We looked at our plates, puzzled. The next course was supposed to be quail. The thing before us, however, looked like a small, brown-skinned pear -- a gorgeous one, glistening as if had been lacquered, but a pear nonetheless, with a little bone sticking from the top in place of a stem. We thought, "What sort of weird joke is this in the middle of a meal that costs more than many people make in a week?"
The server explained: It's a quail leg that's been deboned except for that small piece at the top; the chefs stuff a quail breast with veal sweetbreads, wrap that around the leg meat and wrap the whole creation with a thin skin of pork fat that melts away in the oven. Voila: caille farcie au ris de veau.
One bite, and wow. An astounding taste sensation, delivered during the best meal of my life so far, in the most hotly anticipated restaurant to open in Manhattan in years.
But I'm getting ahead of the story.
One of the cookbooks that profoundly altered the way I think about fine meals is "The French Laundry Cookbook," by Thomas Keller. The book lets home cooks work from the same recipes Keller uses at The French Laundry, his restaurant in California's Napa Valley that for more than a decade has been rated among the best two or three restaurants in the country.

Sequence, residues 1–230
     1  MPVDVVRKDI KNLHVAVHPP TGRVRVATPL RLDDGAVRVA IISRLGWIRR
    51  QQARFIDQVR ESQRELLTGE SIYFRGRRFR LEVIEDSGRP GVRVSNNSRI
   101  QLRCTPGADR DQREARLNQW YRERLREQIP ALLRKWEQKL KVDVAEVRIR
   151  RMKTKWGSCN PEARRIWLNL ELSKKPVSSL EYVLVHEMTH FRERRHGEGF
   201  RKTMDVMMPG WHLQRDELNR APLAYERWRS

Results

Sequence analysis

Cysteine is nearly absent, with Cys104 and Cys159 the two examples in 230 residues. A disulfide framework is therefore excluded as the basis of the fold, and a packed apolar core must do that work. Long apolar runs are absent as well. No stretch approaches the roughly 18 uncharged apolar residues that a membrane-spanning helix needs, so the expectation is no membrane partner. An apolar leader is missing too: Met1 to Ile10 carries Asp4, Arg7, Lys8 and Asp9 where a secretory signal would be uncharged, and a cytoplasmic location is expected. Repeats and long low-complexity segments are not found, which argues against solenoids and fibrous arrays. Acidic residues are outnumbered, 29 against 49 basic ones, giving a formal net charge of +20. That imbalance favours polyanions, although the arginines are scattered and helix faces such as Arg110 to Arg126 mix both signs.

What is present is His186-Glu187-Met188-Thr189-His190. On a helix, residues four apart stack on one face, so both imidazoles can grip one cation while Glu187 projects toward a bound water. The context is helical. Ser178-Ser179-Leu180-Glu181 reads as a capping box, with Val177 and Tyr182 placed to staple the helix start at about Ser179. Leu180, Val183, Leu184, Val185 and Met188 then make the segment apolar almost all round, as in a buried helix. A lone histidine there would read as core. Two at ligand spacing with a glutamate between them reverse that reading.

Two years ago, Keller decided to open an East Coast version of The French Laundry in the new Time Warner Center on Columbus Circle in midtown Manhattan. Keller, whenever asked what the restaurant would be like, gave the stock answer of "not The French Laundry, per se." Thus the new name: Per Se.
By the time the Per Se reservations line opened, on Feb. 2 in advance of a Feb. 16 opening of the restaurant, thousands of fans had itchy dialing fingers. After 25 minutes on hold, I was told the first available seating for two, any night or time, was seven weeks away. In less than half an hour, Per Se had filled up for almost two months. That's in part because the dining room, though it covers 4,000 square feet, seats only 62. Tables are spaced indulgently across expensive real estate -- the restaurant cost $12 million to build -- giving diners privacy but making it hard to spy on what other people ordered.
Four days after it opened, Per Se suffered a kitchen fire -- and closed. Repairs took 2 1/2 months.
But once a reopening date of May 1 was confirmed, the dulcet-voiced reservationist called to reschedule. So a few weeks ago, Andy Sink, my dining sidekick at numerous superlative meals, climbed aboard Amtrak with me for a day in New York that would include three hours in the Metropolitan Museum of Art and another three-plus in Per Se. At The Met, we looked at magnificent art, then we both had our eyes opened in comparable ways by the artistry at Per Se.